Words and Images by Dave Brosha
As far as photography terms goes, the word generalist is about as unsexy as it comes. Professional Adventure Photographer: now that’s a label with some real-life “ooh” and “aah” factor. Boudoir Photographer: instant visions of scantily-clad people very comfortable in their skin. Even Industrial Photographer brings visions of football-field size shiny processing plants, being able to wear a safety harness while shooting off some elevated platform or heading into the deeps of the Earth, photographing underground mining with a hard hat and a cap-lamp. That’s some cool photography, right there. Right?
Read More “In Defence of the Generalists”
All images by Curtis.
“My favourite images are often created on the edge of discomfort.”
OFFBEAT recently had a chance to catch up with OFFBEAT Contributor, Curtis Jones. Always entertaining and inspiring, Curtis fills us in on his relationship with photography, his tips for beginners, overcoming challenges, how to get out of creative ruts, and more!
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By Maggie Hood
Choosing a location for a portrait shoot can set the tone and dictate the whole outcome of a shoot. The right location will fit the desired mood, have great light, and create an environment where clients can relax. Few things are more frustrating than shooting in terrible light in a busy spot where subjects are distracted or feeling like they are being watched by bystanders. Discovering locations in your area that fit your style, have great light, and provide a relaxed environment is important for portrait photographers. In my experience, clients generally are open to the photographer’s suggestions on where to shoot and sometimes only give a location style preference (i.e rustic vs modern). Having a small bank of location ideas to share with clients makes it easier and allows you to produce solid, consistent results for your clients.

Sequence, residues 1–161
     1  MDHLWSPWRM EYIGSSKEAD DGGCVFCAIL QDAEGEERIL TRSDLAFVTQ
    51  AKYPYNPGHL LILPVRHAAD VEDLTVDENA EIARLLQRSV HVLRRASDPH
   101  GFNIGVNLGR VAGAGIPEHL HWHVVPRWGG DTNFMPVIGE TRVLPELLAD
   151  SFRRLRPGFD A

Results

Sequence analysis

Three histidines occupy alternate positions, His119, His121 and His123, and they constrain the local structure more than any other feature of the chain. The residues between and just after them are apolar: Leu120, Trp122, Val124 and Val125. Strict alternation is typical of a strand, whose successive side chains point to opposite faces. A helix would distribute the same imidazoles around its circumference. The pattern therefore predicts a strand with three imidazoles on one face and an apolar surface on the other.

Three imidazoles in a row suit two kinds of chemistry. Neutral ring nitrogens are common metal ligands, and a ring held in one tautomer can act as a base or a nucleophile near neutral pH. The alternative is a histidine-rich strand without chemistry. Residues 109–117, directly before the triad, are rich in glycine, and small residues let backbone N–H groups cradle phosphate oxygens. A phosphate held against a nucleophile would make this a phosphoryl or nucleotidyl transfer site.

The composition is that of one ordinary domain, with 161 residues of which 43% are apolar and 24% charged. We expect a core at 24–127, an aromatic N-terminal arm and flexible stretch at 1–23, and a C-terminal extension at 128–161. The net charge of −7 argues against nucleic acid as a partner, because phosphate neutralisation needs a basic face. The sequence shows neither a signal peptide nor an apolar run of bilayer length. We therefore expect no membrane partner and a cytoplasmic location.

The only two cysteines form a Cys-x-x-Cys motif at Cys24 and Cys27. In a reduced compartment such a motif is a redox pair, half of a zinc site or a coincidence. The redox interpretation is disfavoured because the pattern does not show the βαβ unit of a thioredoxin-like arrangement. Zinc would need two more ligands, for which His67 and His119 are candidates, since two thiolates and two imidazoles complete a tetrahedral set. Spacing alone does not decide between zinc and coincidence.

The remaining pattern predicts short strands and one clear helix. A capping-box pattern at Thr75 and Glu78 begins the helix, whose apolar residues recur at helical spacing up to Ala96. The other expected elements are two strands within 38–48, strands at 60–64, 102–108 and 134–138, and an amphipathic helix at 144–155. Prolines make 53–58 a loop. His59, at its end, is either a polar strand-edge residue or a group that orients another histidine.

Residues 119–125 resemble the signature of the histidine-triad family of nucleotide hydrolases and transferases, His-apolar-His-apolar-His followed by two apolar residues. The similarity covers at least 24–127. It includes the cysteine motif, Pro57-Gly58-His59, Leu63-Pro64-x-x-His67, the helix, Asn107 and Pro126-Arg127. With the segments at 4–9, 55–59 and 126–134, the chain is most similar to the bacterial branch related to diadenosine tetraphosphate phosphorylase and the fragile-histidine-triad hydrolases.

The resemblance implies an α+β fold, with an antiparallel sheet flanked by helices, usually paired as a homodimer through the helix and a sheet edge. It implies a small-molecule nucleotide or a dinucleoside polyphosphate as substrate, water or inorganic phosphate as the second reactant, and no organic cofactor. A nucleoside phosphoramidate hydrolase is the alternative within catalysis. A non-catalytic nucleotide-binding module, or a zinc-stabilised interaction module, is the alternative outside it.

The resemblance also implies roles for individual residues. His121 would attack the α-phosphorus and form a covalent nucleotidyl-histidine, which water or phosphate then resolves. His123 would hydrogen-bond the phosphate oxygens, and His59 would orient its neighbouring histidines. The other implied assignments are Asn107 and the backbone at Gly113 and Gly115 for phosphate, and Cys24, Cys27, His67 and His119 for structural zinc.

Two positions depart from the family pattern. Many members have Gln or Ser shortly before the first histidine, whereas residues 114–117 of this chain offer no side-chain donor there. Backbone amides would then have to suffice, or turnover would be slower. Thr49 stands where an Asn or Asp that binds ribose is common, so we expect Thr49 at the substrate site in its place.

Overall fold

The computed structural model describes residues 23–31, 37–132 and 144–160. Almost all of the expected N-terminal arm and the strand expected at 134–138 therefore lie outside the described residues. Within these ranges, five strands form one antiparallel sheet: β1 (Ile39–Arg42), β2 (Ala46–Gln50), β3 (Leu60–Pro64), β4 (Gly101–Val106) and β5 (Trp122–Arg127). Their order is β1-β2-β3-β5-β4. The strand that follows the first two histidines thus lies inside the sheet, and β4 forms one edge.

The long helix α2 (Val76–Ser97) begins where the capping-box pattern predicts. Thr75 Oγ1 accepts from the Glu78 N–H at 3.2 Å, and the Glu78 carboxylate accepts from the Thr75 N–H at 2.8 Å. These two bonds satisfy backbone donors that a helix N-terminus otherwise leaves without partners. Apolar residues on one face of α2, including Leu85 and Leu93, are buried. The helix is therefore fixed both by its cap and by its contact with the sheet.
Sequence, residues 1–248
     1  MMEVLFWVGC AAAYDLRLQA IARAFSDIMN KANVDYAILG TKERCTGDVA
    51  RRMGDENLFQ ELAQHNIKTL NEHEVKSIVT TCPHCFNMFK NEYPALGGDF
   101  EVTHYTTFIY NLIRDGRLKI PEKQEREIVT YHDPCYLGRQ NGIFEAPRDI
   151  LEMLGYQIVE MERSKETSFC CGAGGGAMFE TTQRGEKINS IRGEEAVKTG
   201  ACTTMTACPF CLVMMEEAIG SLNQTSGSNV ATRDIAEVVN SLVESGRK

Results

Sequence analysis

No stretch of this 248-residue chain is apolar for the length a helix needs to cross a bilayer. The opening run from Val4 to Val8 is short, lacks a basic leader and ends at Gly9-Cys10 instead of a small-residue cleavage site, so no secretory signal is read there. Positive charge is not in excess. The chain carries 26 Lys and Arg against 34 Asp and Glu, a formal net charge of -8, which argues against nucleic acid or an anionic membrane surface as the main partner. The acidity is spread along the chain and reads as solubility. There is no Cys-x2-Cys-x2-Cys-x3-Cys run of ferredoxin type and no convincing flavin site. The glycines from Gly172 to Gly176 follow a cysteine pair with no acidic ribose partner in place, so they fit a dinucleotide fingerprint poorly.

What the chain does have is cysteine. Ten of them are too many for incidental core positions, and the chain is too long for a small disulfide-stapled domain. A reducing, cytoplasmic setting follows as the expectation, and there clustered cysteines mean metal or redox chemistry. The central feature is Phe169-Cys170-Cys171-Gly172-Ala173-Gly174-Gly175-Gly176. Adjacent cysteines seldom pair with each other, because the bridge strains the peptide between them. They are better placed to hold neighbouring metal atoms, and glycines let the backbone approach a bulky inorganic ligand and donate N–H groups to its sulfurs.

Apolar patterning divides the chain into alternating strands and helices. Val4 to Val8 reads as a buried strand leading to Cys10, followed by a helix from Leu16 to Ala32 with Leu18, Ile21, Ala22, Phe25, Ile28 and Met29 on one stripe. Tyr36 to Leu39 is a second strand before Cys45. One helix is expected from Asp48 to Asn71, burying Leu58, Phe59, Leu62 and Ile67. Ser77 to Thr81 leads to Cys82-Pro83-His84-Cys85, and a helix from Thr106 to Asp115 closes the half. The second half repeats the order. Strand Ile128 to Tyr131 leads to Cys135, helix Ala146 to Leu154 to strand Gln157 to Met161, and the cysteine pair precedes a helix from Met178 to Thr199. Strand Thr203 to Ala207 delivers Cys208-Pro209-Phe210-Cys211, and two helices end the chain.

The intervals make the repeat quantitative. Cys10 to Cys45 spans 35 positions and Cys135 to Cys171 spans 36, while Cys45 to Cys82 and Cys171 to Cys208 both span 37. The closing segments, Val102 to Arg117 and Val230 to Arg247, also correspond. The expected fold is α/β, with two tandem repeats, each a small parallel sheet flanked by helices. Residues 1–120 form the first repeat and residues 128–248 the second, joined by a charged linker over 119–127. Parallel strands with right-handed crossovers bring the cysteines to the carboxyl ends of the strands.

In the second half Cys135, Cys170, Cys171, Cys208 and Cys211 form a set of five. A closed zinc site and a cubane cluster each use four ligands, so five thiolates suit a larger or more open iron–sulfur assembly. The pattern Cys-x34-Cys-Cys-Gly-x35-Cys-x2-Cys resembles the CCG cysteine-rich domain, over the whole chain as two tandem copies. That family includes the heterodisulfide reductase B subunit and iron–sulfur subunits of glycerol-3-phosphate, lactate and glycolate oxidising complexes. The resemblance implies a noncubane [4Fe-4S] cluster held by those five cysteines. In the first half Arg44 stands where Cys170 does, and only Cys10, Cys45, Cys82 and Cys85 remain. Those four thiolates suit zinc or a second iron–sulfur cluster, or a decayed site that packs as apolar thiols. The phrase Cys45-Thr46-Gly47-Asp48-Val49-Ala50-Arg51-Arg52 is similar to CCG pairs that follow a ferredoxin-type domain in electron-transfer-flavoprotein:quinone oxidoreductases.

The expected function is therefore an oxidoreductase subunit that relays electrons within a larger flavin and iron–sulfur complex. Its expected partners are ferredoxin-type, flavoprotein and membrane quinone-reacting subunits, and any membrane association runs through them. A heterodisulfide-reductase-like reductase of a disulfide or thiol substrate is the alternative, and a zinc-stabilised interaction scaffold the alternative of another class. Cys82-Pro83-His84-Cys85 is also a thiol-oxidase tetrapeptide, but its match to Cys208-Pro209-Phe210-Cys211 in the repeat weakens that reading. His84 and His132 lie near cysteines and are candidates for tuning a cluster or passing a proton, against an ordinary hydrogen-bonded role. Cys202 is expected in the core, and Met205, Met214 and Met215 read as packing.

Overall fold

Read More “The Continual Location Hunt”
By Ashley Soeder
In past articles, my focus has been on photographing moments within my own home. People I am familiar with, in spaces I know, in areas I can move and manipulate to my liking. Although I don’t take on a huge amount of client sessions it is still something that I feel not only passionate about but something that has helped me grow as a photographer in ways I can’t quite get from shooting solely personal work. Client family photography work is the thing for me that almost ended before it even really started. A self-proclaimed introvert, socially awkward, observing in the background. My idea of a family photographer was someone the exact opposite of all those things.
“Client work isn’t for me. I’m not very good at it. It brings unnecessary stress into my life. I’m not doing it. My focus will be on personal work, and I’m okay with that” – Ashley circa 2018
Read More “A Guide to Family Photography for the Introverted Photographer”
All images by Wayne Simpson.
OFFBEAT recently had a chance to catch up with OFFBEAT Contributor and incredibly talented “dignified portrait” photographer, Wayne Simpson, to find out more about his photography business, creative inspiration, and wisdom he’d like to share with new photographers.
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By Wayne Simpson
I remember when I first started out using lighting in portraiture – it was nerve-wracking! I recall things going wrong and I would just keep trying things blindly until something worked. Many times, I had no idea what I had changed or why it worked… but it worked and I got the hell out of there as soon as I knew I had what I needed!
Things happen. Lights fail, transmitters don’t communicate, random unwanted light appears in photos. Heck, I’ve seen it all! The difference now is that I have a plan A, B, C, and sometimes D! Knowing various ways to approach a shoot is not only a great way to be sure you don’t let a client down, but it also brings your stress level down BIG TIME!
Read More “Being Prepared is Being Professional”